4,200 Employed By The End Of The Year As Transmountain Construction Officially Begins
Trans Mountain Corp. is preparing to officially start construction on its pipeline expansion after years of delay, & 4,200 people should be employed by end of the year.
Ian Anderson, president and CEO of Trans Mountain made the announcement Tuesday afternoon west of Edmonton in Acheson along with federal Natural Resources Minister Seamus O’Regan, provincial Energy Minister Sonya Savage, as well as representatives from local governments and the Enoch Cree Nation.
Anderson said that the pipeline could take take in upwards of 3 years to build, but he would not comment on the last cost estimate of $7.4 billion as the schedule was not yet confirmed.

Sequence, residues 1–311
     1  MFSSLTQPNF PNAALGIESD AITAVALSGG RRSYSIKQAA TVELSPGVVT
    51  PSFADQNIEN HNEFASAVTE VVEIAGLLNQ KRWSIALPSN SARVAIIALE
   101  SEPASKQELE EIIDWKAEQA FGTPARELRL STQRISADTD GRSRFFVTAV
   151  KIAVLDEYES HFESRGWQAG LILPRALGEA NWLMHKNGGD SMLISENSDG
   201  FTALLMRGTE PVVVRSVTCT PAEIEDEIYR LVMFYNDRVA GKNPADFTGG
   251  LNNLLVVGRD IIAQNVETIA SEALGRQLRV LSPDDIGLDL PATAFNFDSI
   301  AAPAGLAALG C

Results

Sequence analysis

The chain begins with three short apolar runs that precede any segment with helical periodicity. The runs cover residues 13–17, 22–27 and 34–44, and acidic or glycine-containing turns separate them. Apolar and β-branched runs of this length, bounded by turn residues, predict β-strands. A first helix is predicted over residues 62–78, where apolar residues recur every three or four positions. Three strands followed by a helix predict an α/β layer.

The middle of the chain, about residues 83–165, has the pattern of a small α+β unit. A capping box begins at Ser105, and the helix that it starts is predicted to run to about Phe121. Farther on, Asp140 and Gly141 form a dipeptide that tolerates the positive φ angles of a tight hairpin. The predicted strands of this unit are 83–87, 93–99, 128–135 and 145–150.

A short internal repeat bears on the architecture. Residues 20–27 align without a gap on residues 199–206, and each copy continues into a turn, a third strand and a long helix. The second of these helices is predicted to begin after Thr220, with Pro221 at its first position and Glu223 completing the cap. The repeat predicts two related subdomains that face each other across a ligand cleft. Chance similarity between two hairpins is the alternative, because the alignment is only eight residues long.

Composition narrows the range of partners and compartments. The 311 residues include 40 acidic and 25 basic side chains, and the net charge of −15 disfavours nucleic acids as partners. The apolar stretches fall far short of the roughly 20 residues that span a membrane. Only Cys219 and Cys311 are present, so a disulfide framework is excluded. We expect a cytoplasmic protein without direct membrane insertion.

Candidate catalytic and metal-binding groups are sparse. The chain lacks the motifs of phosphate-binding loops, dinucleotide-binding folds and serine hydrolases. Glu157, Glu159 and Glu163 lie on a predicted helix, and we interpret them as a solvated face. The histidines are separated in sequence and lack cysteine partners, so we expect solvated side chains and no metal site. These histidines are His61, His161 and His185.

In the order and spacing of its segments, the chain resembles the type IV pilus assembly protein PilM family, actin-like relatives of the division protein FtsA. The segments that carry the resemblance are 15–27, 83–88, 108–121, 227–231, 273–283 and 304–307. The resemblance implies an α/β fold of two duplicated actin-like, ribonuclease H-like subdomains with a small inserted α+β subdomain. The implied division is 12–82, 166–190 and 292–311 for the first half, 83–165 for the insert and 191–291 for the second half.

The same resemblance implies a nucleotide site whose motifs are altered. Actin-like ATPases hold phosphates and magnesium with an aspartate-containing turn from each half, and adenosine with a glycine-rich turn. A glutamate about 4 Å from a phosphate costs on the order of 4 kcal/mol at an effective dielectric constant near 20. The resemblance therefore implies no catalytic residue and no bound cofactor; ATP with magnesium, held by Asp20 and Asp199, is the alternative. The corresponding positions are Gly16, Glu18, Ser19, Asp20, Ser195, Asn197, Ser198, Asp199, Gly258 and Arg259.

The Crown corporation that owns the project has already mobilized it’s workforce and has reportedly restarted some work at the pipeline’s terminals.
While the federal Liberal government approved the $7.4-billion expansion for the second time earlier this year, it is currently reviewing an appeal by Indigenous groups of that second approval.
Alberta Premier Jason Kenney has repeatedly called on Prime Minister Justin Trudeau to make this project happen, and blamed the federal Liberals for delays.
He & Trudeau will meet next week.
Thus far, more than 2,200 workers have been hired and Trans Mountain Corp. said it has focused on hiring Indigenous and local workers.
Trans Mountain has said it expects 4,200 workers to be employed along the pipeline corridor by the end of the year.